SACRAMENTO, Calif. (AP) — State auditors reported significant problems on Thursday in how California agencies collect and spend money from certain specialty license plate funds, including the loss of more than $22 million in revenue that could have been used for programs to help veterans, college students, firefighters and others.
Gov. Jerry Brown and lawmakers sought the audit after an investigation last year by The Associated Press. In part, the AP found that money in a Sept. 11 memorial license plate fund that was intended to help victims' families and law enforcement had been diverted to other programs.
In addition, Brown and former Gov. Arnold Schwarzenegger diverted $3 million of the $15 million raised for the California Memorial Scholarship Program to help close the state's budget deficit and never paid the money back.
The report was the first audit in the 20-year history of California's specialty license plate program. It found accounting problems within the Department of Motor Vehicles and problems in how money has been spent.
California's specialty plates have raised more than $200 million during the years to benefit the arts, Olympic athletes and other causes ranging from the California coast to Yosemite National Park and Lake Tahoe. More than 382,000 plates have been sold.
People who bought the plates were disappointed by the audit results.
"I kind of feel bad now that I didn't ask more questions about where the money was going," said Patricia Anderson, who paid $98 for a personalized plate reading "WE R 4US" when she lived in the San Francisco Bay area.
Her husband bought a second 9-11 memorial plate in the wake of the attacks.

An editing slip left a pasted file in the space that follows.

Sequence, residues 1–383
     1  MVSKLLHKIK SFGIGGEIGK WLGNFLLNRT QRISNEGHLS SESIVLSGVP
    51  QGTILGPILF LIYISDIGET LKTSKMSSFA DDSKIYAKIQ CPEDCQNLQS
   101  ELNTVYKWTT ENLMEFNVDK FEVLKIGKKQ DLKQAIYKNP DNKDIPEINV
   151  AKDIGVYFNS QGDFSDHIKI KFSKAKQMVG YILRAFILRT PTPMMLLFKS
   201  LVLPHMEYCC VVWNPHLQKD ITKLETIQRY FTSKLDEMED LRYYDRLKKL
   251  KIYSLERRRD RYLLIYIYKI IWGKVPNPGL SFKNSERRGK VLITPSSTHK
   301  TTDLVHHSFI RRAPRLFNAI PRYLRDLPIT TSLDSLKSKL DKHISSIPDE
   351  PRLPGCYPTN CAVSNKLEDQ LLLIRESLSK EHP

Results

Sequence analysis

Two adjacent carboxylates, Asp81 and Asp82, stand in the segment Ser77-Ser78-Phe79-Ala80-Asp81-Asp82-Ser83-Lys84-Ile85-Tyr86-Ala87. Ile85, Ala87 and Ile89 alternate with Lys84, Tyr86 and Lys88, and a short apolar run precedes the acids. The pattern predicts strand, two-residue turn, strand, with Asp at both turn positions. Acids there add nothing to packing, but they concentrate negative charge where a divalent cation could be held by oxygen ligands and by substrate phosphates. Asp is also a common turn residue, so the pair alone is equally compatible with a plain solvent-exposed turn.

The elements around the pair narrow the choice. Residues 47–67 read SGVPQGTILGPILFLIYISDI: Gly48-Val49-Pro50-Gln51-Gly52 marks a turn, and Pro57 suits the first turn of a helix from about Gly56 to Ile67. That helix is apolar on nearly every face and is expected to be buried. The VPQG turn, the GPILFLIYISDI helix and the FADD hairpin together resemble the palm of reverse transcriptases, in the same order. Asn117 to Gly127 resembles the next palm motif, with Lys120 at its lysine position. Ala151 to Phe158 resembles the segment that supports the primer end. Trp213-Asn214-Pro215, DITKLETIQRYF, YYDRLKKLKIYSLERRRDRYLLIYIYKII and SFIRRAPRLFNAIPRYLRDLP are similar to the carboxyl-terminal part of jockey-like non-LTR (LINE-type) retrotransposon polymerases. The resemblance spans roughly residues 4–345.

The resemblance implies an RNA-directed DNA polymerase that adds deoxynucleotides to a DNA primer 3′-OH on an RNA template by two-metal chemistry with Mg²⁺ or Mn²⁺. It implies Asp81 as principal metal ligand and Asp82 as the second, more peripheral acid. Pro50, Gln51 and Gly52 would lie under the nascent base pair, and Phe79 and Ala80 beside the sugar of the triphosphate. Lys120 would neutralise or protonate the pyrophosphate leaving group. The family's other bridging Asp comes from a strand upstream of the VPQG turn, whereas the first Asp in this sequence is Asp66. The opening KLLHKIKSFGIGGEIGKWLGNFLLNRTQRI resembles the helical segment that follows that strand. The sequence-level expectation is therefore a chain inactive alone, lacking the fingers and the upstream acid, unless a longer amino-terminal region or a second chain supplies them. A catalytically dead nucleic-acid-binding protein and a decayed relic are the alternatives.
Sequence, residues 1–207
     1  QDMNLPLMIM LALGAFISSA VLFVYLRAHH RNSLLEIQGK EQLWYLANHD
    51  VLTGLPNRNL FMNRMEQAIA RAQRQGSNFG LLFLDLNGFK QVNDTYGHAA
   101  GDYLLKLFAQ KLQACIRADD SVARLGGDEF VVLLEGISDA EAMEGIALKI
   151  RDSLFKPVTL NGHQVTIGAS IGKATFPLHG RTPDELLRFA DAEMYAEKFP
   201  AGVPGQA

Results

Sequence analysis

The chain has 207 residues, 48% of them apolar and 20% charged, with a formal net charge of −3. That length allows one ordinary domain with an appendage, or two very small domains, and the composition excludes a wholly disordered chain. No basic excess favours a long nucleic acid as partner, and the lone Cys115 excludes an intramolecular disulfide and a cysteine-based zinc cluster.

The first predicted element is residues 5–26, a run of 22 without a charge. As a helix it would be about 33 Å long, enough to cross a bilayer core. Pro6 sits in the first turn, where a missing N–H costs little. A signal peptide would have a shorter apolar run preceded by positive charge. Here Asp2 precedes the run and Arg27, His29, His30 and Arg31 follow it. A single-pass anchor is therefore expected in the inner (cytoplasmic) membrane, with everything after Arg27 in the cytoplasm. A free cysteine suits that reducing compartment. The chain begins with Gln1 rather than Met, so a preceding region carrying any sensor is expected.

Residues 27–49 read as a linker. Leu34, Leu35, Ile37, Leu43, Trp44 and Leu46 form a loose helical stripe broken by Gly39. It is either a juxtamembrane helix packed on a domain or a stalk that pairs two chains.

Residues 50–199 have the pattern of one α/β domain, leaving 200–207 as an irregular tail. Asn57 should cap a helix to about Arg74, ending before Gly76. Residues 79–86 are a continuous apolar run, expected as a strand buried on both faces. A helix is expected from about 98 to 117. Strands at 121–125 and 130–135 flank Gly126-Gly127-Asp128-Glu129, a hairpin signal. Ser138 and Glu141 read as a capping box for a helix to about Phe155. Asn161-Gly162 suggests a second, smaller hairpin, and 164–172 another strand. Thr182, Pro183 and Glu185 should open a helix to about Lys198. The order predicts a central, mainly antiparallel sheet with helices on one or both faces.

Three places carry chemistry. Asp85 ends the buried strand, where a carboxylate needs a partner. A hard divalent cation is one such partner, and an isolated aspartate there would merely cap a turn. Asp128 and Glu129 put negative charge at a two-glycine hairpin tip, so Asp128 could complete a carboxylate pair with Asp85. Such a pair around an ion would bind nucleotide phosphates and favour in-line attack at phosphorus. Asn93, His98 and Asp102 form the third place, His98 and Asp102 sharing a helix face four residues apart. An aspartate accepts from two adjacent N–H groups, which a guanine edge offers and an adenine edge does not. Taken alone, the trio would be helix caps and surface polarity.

"That was our way of expressing support. If it didn't go to what it was intended, then shame on those who asked us for our hard-earned money," Patricia Anderson said.
Auditors said the DMV failed to collect $22.2 million during the past two fiscal years alone because it undercharged some specialty plate owners and improperly did not seek the fees on inactive plates.
The review also said the DMV overstated its costs by $6.3 million for administering the California Environmental License Plate Fund, while undercharging other specialty plate funds by $1.1 million in the past three fiscal years.
The audit also cited a number of spending problems:
— The California Emergency Management Agency overcharged for administering the Anti-Terrorism Fund and spent some of the proceeds on programs not allowed by state law. For instance, auditors said it did not monitor whether the California Fire Fighter Joint Apprenticeship Committee actually provided training required under a $2.5 million contract.
— The Department of Food and Agriculture could not show that $896,000 in administrative expenses paid for out of the same fund actually involved anti-terrorism activities. It also did not properly administer contracts paid for with money from the fund.
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